Price and I set out to provide a source of information for students and community members interested in book censorship in St. Mary’s County Maryland and I believe we accomplished just that. We focused on creating a historical context for the period in which Song of Solomon by Toni Morrison was challenged in St. Mary’s County Public Schools. We accomplished this with our narrative development about the Rodney King Riots, racial tension in The Enterprise, and voting trends in the county.
We found viewpoints from both sides of the challenge and created a rich source of diverse media about our case. We interviewed participants in the challenge and created videos, transcripts, and organized the arguments of people involved in a way that was accessible to anyone who wants the information. We also produced information that did not exist anywhere on the internet prior to our research. Our exclusive with David Flood is information that may have been lost without our work and I am glad we were able to preserve and present it.
We utilized TimelineJS to create a narrative about historical challenges to Song of Solomon along with narrative from our own case. We discussed our own viewpoints on the ways literature impacts culture, societal morality, and personal identity in a way that is appropriate for a front facing website.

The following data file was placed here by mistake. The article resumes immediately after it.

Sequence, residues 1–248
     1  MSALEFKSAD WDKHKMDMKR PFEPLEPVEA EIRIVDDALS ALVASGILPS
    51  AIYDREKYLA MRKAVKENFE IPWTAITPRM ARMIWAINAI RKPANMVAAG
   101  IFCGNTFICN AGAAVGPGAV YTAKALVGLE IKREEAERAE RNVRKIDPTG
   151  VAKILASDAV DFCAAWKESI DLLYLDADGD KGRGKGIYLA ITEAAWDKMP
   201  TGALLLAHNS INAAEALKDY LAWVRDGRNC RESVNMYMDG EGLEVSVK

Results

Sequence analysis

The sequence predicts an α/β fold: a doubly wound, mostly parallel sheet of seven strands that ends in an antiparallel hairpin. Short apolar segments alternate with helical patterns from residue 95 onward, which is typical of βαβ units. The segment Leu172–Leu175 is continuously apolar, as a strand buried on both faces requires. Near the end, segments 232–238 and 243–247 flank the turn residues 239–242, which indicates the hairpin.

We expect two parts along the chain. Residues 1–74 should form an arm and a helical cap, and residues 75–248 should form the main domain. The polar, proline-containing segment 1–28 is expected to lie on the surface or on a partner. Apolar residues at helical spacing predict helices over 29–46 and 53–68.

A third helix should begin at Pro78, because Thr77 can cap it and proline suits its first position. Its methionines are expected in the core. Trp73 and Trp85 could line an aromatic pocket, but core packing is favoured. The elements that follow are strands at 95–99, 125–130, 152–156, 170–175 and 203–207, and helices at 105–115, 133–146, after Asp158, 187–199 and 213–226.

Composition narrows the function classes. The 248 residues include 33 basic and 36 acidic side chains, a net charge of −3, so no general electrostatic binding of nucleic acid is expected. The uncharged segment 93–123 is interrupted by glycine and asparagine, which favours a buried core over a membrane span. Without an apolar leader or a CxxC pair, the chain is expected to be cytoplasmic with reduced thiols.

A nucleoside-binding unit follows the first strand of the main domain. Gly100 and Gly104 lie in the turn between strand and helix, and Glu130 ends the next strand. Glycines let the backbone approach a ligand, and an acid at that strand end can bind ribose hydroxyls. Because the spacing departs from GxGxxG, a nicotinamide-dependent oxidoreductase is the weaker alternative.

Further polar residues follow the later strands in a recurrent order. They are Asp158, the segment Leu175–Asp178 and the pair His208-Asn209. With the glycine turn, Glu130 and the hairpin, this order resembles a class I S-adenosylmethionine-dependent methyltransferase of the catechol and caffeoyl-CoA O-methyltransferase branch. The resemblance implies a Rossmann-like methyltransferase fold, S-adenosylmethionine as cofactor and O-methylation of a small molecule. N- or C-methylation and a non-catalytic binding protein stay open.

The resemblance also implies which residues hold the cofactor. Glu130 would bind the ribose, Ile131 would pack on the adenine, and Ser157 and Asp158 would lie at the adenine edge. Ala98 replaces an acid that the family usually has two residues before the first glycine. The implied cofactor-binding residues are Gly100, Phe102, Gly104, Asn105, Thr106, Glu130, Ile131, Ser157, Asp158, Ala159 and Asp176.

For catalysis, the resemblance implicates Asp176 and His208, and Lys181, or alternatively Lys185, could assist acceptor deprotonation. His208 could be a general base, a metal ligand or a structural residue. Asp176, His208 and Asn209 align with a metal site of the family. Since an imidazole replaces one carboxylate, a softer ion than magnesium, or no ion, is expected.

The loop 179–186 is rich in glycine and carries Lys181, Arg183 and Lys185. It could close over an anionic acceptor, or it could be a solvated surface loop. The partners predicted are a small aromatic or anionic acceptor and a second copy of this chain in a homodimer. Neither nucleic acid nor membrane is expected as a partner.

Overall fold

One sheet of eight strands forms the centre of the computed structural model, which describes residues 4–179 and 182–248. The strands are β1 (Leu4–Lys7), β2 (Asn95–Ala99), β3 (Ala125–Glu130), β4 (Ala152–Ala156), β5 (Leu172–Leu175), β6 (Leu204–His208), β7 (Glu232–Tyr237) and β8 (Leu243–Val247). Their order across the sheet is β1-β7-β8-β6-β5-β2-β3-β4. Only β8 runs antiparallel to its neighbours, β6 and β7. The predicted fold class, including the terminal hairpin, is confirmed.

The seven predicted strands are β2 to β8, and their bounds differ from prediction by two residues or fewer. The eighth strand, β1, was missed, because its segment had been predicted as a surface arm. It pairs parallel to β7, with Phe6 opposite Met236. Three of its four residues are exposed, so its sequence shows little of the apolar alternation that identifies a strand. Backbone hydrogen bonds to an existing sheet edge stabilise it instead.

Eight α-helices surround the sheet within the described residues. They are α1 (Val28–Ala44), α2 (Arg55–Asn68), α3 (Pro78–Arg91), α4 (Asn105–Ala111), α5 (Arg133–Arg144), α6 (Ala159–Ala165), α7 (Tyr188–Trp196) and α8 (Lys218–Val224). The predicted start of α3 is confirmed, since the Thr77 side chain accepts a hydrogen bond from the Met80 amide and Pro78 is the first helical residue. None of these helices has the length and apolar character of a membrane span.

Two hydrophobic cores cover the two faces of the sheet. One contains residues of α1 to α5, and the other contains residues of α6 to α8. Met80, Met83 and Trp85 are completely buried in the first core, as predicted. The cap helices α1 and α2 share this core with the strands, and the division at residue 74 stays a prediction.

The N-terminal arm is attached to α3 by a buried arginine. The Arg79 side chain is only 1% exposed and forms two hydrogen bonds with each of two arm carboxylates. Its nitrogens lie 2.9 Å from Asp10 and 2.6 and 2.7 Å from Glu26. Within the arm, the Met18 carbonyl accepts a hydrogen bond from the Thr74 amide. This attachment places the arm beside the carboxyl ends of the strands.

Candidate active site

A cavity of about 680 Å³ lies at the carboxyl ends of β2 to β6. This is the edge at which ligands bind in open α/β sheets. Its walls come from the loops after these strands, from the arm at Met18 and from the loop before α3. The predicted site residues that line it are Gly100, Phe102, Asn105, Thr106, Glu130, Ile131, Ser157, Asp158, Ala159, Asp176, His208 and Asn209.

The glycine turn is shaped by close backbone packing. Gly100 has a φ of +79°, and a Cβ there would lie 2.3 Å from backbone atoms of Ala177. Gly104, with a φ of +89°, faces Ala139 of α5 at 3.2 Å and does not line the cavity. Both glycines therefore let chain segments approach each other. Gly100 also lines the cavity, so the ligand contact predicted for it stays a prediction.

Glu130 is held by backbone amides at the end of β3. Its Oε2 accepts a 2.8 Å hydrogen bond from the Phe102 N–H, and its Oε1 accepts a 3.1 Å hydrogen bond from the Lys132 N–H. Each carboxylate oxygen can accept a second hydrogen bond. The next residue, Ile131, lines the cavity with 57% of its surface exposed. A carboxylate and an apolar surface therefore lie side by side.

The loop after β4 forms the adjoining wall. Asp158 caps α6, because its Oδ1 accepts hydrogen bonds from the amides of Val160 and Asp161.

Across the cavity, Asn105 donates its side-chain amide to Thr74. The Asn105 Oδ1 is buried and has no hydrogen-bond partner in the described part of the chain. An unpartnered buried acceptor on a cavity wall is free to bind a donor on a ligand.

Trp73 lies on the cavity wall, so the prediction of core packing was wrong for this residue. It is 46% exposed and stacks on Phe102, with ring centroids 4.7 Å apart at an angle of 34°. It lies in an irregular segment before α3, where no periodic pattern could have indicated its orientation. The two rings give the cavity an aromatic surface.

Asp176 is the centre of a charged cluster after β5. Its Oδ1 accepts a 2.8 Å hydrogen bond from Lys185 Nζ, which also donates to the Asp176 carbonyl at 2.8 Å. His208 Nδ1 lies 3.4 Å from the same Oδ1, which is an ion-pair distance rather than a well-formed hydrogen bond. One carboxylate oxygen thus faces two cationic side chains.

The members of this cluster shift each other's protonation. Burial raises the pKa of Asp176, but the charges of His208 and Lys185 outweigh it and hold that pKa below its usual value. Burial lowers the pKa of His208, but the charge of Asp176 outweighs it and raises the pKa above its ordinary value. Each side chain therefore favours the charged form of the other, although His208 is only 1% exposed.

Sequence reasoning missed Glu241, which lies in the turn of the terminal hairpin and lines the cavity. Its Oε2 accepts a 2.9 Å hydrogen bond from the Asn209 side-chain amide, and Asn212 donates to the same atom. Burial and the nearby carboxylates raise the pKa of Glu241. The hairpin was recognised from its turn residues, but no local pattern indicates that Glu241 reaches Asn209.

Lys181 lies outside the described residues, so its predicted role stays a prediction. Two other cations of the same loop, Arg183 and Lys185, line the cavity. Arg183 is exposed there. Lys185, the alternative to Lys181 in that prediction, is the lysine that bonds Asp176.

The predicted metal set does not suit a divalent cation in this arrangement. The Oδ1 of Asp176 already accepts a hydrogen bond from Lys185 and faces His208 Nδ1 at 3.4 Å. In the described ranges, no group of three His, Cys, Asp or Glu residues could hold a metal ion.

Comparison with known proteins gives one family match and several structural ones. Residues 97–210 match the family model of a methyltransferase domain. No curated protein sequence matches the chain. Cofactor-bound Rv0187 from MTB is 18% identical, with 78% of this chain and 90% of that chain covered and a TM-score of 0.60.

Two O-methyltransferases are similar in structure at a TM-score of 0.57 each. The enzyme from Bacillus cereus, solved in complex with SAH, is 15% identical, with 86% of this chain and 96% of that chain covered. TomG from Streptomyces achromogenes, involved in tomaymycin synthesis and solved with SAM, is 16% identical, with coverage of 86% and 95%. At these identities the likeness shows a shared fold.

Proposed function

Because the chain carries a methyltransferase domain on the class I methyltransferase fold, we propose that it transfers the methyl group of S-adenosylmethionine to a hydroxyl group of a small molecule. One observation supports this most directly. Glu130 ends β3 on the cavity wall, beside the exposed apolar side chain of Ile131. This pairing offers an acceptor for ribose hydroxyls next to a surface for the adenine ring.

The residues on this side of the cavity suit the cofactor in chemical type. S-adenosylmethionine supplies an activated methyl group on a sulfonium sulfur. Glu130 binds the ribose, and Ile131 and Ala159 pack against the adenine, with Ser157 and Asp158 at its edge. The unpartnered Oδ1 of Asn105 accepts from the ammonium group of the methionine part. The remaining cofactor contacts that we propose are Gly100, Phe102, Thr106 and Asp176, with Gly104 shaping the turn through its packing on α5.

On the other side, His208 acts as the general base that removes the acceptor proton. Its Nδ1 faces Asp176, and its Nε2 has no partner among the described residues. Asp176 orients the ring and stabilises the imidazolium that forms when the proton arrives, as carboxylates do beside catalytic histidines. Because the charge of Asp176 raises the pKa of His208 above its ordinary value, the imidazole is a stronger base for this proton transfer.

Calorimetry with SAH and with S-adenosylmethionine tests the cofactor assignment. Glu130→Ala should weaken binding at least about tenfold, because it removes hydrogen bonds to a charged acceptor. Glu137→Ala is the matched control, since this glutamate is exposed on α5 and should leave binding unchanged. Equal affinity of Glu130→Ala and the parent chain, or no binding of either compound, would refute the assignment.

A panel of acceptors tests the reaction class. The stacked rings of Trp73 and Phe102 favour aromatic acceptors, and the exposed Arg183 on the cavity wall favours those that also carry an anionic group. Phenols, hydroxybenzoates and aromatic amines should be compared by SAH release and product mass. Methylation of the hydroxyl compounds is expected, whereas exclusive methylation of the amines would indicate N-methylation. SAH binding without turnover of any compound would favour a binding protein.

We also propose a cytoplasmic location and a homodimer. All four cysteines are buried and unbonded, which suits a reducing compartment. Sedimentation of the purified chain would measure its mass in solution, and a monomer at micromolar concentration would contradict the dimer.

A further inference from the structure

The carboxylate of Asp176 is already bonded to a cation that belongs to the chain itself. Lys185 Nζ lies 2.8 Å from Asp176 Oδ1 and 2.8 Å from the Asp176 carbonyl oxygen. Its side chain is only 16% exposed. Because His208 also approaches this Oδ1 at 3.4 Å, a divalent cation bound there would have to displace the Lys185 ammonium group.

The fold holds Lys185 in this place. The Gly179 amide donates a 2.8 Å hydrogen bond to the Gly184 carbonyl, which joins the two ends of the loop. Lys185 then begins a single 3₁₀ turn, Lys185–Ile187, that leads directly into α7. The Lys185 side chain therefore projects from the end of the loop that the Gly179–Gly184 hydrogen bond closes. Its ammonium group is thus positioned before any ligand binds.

Today we presented our information to a room full of Professor and other academics and were received very well. People agreed that our work would be a valuable tool for researchers and one even suggested a classroom should teach the censorship of Song of Solomon with our website as its centerpiece.
While our milestones were not met exactly, our result is something to be proud of. We accepted our schools call to this new challenge and we met that challenge head on provided a framework for future students at our institution. Our work should open pathways for next class of students and may permanently become part of the legacy of this county when it is included in our school’s archives and listed on the department website.
While I wish we had more time to further perfect our website, I am proud of what we have done and believe we have met the requirements of the contract we set for ourselves and with our Professors. I hope to check back in on our work and hopefully see that it has been useful for someone researching book censorship in St. Mary’s County. I hope that future students from St. Mary’s College of Maryland look at our work and decide to move forward with an experience of their own and that this is the start of a rich tradition of primary historical research at our school. It is one thing to practice history while crawling the databases of JSTOR and our schools OneSearch tools, and a whole other thing go out into our community and develop a story from the ground up.